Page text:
By Patricia H. Kushlis
The February 2009 Foreign Service Journal published an article by Christopher Teal on Ebeneezer Bassett, America’s first black diplomat. The article summarizes Teal’s biography of the same man – a remarkable story that Teal came upon accidentally when he was assigned to the Caribbean as a Foreign Service Officer – and one he researched and turned into a book thereafter.
Bassett, like all other US diplomats until 1924 owed his appointment to political benefactors. In his case, the appointment was a reward for having recruited blacks to serve in the Union Army during the Civil War. His post: Ambassador to Haiti (then spelled Hayti), whose population consisted primarily of former black slaves. He and his family lived there for six years.
A tough assignment then as now
Haiti was a tough assignment for this former educator. It would have been difficult for anyone. The tropical climate took its toll on the health of his Connecticut born family and the Haitian political instability and ensuing violence –characteristics of that country that persist today – were trying. Unlike today with instant communications, however, Bassett was on his own – trying to represent American interests as best he could and communicating with his bosses by written reports transmitted to Washington and dependent for delivery upon the irregular mail. These reports served as a foundation for Teal’s book.
That Bassett possessed innate diplomatic skills helped save his and others lives - many times over. That his appeals for help or guidance were often ignored or passed over lightly by the then Secretary of State made Bassett’s life even more difficult.
In all too many ways, the parsimony and lack of support from the State Department sounds all too familiar. At one point when Bassett requested a naval ship off shore to be ready to assist in the event of evacuation of American citizens from the war torn island, the US refused to send one even though the British and the French had theirs at the ready.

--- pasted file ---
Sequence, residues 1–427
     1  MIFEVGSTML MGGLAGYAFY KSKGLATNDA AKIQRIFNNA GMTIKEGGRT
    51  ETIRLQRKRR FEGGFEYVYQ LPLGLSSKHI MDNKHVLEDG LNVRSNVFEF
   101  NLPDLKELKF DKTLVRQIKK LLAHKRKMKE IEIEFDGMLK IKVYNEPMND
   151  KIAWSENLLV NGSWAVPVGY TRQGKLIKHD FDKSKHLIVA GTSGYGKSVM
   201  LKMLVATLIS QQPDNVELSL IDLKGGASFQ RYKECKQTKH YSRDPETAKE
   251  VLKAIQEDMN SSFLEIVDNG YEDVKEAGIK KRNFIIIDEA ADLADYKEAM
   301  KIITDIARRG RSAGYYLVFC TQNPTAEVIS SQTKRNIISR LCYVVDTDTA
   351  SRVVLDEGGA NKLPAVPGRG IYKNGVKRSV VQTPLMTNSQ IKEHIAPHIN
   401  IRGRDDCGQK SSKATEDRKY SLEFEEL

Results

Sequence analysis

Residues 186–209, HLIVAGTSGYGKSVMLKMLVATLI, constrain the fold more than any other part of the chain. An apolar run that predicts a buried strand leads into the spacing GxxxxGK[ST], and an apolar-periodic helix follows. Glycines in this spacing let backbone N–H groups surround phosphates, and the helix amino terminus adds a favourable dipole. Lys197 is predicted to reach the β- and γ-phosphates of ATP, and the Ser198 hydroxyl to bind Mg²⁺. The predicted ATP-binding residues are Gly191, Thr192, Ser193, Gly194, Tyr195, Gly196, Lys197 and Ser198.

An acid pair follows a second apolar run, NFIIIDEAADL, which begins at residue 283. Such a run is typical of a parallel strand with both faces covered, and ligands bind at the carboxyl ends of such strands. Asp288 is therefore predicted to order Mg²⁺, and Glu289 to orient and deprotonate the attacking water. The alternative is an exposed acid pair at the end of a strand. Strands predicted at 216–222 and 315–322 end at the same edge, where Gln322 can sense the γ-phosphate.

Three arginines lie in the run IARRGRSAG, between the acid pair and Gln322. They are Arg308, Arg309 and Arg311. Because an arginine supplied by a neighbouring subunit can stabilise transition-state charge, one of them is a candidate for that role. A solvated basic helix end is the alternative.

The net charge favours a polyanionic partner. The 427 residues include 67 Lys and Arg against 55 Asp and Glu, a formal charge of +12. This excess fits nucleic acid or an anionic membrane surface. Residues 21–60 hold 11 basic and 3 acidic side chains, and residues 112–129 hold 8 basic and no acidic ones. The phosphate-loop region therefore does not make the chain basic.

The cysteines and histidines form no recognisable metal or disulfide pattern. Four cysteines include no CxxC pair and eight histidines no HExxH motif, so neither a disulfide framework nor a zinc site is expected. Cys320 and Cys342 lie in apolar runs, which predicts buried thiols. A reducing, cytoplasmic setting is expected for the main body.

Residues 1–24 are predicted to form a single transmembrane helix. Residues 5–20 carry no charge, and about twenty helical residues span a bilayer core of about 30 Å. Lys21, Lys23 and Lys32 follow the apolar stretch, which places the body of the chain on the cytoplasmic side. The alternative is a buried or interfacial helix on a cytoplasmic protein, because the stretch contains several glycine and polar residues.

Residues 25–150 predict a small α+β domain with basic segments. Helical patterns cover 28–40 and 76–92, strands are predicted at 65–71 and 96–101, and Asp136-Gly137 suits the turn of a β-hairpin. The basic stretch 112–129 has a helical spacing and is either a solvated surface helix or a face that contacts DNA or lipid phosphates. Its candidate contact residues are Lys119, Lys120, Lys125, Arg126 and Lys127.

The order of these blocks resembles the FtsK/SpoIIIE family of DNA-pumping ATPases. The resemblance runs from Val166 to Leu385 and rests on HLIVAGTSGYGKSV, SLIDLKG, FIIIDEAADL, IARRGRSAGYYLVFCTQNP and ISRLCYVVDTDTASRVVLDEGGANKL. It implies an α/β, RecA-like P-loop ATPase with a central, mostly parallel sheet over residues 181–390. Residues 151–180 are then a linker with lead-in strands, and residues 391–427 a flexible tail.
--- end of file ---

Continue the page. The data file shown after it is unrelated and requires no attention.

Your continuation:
What makes the US administration’s refusal to send even one vessel to protect American interests there even stranger is the fact that not only had the US proclaimed the Monroe Doctrine years before but also - as Teal tells us - that Haiti was seen as a strategically located coaling stop between the US mainland and the Panama Canal.
From US Ambassador to Haiti to Haitian representative in NYC
When Bassett’s tour of duty finally ended, he and his large family returned to the U.S. and he became the Haitian representative in New York City. This is not as peculiar as it now sounds: Bassett was not rich. He needed a job to make ends meet, his appointment as a US diplomat had ended and the Haitians needed a representative who knew their country and could represent its interests well
Why Bassett’s story remained untold until a junior State Department Officer stumbled upon it more than a century after the fact remains an unanswered question – perhaps as Teal suggests it was because despite Bassett’s large family, none of his eight children had children of their own so the family line died out with them. Regardless of what didn’t happen, Teal should be commended for not only coming across this remarkable and dedicated man but recognizing his historical importance, conducting the research and making the time to write his biography.
Christopher Teal, Hero of Hispaniola: America’s First Black Diplomat, Ebenezer D. Bassett, Praeger Publishers, 2008.